This paper was prepared for the Second Midwest Oil and Gas Industry Symposium of the Society of Petroleum Engineers of AIME, to be held in Indianapolis, Ind., March 28–29, 1974. Permission to copy is restricted to an abstract of not more than 300 words. Illustrations may not be copied. The abstract should contain conspicuous acknowledgment of where and by whom the paper is presented. Publication elsewhere after publication in the JOURNAL OF PETROLEUM TECHNOLOGY or the SOCIETY OF PETROLEUM ENGINEERS JOURNAL is usually granted upon request to the Editor of the appropriate journal provided agreement to give proper credit is made.

Discussion of this paper is invited. Three copies of any discussion should be sent to the Society of Petroleum Engineers office. Such discussion may be presented at the above meeting and, with the paper, may be considered for publication in one of the two SPE magazines.

In recent months, our eyes and ears have been bombarded with differing accounts of the energy "crisis". From the halls of Congress to the front page of our newspapers, from the public relations offices of the major energy companies to the "white papers" of the television networks, we have heard version after version of the causes and the effects of our current problem. All offer convincing explanations of the causes, and most have a proposal or two to get to the solution. It is generally agreed that new sources of energy must be found. "Self-sufficiency" has become a national, and even a state goal. Exploration and development must be increased, capital spending must be greater, lead times for plant construction must be reduced. We have a bevy of unanimous conclusions on what should be done. But few seem interested in tackling a more fundamental problem. How do we finance these ambitious goals? This is the question I would like to address today, and my initial premise is that money is really the raw material that will set the solution to the energy "crisis" "in motion". So, in that sense we both are in the energy business.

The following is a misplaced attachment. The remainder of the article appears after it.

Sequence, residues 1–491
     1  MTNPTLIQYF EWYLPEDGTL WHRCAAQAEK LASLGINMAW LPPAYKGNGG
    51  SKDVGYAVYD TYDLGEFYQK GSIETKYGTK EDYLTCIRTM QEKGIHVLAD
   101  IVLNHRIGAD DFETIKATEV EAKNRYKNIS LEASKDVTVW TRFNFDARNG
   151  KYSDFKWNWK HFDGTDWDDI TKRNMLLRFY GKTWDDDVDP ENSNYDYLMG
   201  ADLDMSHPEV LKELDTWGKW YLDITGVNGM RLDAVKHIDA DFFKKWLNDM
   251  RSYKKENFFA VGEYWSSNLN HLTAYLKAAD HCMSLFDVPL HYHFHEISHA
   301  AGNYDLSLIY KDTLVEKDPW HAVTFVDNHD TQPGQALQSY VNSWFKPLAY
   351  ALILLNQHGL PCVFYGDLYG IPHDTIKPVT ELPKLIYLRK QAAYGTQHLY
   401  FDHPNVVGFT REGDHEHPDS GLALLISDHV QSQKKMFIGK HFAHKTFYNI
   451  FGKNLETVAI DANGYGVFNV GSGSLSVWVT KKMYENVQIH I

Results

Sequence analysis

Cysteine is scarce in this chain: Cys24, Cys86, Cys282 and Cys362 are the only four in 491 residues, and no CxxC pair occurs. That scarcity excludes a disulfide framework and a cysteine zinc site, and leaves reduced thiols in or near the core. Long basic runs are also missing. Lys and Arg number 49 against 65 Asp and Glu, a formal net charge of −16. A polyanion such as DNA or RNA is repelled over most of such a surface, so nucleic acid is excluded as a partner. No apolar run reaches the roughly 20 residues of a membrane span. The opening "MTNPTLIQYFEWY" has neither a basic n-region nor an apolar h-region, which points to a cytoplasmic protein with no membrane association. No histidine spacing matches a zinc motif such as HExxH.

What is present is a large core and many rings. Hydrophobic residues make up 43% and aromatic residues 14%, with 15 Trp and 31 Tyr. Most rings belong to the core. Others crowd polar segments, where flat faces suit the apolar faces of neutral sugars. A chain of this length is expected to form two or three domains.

If you work for a utility, the days of financing the largest part of your company's capital expenditures from internal cash flow are gone. The days of investors eagerly receptive to utility bonds and equity issues have changed. For the oil industry, politicians are demanding taxes on "windfall profits" - not understanding or not wishing to understand the role of profit in our economy. The situation in the remainder of the seventies and the first half of the eighties will be one in which all industry and all levels of government will be clamouring for capital and you in the gas and oil industries had best begin to make your plans now, to assure that you get your needed share.

To try to place this in perspective, let's look at a few historical numbers. In the twelve years since 1960, capital expenditures of all industry increased by a factor of more than 2.4, from $37 billion to $88 billion.

This content is only available via PDF.
You can access this article if you purchase or spend a download.